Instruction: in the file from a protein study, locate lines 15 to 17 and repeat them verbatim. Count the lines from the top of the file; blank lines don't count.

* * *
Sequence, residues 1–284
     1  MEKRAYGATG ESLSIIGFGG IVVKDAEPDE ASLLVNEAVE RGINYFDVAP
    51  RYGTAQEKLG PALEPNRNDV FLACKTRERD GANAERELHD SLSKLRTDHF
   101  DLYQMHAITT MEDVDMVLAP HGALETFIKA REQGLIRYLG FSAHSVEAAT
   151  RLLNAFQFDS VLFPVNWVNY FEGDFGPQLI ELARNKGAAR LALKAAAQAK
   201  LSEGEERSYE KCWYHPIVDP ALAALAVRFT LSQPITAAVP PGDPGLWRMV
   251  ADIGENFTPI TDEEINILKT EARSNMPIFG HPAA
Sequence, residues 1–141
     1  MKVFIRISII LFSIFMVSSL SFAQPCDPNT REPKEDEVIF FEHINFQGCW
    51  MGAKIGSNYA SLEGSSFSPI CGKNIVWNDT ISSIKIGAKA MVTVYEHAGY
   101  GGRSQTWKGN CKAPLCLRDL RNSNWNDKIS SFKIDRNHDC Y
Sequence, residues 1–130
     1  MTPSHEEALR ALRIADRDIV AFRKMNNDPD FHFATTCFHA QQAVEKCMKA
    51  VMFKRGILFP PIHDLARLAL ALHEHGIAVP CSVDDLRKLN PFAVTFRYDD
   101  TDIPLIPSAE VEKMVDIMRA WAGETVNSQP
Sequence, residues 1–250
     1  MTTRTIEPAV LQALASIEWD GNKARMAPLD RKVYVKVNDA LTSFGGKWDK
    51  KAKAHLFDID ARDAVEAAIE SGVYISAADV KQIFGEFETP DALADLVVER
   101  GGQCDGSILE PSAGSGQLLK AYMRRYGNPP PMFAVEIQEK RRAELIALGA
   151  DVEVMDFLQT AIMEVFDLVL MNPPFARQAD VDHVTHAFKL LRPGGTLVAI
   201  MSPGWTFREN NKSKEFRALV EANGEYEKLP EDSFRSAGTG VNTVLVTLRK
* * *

   101  TDIPLIPSAE VEKMVDIMRA WAGETVNSQP
Sequence, residues 1–250
     1  MTTRTIEPAV LQALASIEWD GNKARMAPLD RKVYVKVNDA LTSFGGKWDK